If the business does not comply with this direction, the Registrar shall cancel the entry in the register
relating to such proprietor.


The proposed amendment would give the Registrar discretion to decide the question of the appropriateness of a
business name. Further, in as far as it applies to past entries in the register, this proposed amendment, if
passed would give the Registrar an opportunity to remedy such occurrences.

Presumably 17F The proposed amendment is not numbered.

If a proprietor is dissatisfied with the Registrar’s direction to change its name in case of a similarity, they
may apply to the Court to quash the direction within 21 days after the date on which the direction is notified
to the Company. On hearing the application, the Court may either quash or confirm the direction. If the
direction is confirmed, the Court shall specify the period within which the proprietor is required to comply
with the direction.

The proposed amendment should be numbered.

If passed, this would give business proprietors recourse to court in case of an unreasonable exercise of
discretion on the part of the Registrar.

23 Deletion of subsections (2) and (3)

The Act requires the publication of the true names of every individual, including, in the case of a married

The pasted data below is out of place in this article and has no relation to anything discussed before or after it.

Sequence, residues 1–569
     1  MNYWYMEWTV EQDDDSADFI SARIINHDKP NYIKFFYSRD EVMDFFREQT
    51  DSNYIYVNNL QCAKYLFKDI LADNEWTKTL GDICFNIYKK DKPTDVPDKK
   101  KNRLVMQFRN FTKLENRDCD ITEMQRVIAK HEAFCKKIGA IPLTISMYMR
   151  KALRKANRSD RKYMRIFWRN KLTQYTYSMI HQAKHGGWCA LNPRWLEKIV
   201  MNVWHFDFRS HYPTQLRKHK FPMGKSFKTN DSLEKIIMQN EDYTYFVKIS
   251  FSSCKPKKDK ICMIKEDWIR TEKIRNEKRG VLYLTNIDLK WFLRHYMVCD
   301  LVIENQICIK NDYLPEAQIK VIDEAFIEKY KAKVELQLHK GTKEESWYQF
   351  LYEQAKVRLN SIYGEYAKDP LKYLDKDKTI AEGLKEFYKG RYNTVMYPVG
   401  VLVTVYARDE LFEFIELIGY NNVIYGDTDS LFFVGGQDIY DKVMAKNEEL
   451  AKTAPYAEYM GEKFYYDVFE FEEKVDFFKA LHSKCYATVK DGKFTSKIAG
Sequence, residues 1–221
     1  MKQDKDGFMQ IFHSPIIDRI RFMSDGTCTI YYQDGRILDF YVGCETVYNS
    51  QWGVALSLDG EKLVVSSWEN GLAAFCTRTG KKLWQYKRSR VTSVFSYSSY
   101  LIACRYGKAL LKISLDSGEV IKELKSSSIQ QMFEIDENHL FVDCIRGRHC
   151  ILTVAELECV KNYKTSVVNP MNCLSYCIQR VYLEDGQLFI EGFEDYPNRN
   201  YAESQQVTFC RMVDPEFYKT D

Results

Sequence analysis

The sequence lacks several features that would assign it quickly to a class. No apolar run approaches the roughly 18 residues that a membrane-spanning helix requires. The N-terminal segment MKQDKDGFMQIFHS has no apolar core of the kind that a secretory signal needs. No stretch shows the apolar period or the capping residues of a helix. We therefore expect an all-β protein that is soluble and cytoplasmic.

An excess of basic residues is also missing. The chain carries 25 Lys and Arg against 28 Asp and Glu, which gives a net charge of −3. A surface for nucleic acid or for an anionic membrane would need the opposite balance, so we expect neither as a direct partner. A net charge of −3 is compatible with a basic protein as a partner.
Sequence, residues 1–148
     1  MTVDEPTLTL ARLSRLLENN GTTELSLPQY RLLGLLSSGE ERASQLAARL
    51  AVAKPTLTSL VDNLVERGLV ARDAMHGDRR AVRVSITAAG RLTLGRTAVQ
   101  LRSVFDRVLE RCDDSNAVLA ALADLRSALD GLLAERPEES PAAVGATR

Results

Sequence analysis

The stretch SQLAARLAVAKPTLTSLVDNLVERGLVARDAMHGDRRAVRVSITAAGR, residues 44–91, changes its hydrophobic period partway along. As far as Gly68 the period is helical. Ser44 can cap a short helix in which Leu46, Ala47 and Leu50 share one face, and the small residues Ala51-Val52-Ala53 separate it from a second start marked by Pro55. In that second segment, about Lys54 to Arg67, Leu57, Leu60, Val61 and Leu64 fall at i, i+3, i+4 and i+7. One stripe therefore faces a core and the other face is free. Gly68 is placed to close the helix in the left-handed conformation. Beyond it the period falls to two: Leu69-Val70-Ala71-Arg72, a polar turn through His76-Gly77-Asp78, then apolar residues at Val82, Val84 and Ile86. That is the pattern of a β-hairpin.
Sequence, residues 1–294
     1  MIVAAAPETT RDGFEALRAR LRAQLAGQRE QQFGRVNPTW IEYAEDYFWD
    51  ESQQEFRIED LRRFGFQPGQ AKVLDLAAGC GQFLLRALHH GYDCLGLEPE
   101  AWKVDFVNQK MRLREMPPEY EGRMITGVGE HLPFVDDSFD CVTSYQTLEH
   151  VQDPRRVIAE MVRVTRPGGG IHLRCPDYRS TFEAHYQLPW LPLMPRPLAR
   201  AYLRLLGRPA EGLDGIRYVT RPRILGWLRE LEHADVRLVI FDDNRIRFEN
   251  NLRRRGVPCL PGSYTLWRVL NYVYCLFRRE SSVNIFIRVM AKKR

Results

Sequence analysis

woman, an obligation to indicate whose wife they are. Further, minors are also required to publish their
minority. This publication is mandatory in all trade circulars and business letters on which the business name
appears and are issued or sent by the firm, individual or corporation or to any person in legible Roman letters.


These discriminatory provisions are not adhered to in practice, and it is time that the Act catches up with the
Constitution and consensus in the business world. A step in the right direction.

25 Deletion and substitution with a new section 25

The Bill proposes to provide for a general penalty for when an offence is committed, and a person is found
guilty but there is no penalty prescribed in the Act. The proposed general penalty is a fine not exceeding KES.
100,000 or imprisonment for a term not exceeding one year, or to both.


The Act currently prescribes a fine not exceeding KES 1,000 and in default of payment, an imprisonment term not
exceeding three months. Perhaps the drafters found this to be not enough of a deterring factor and are seeking
to increase its deterrent effect.




The Bill proposes to delete the section that provides for the jurisdiction of subordinate courts of the first
and second class in trying the offences provided for under the Act.


The Magistrates Court Act, 2012 provides for a different classification of the Magistrates Courts as well as
their jurisdiction. There is thus no need for the Act to provide for this, especially where its provisions are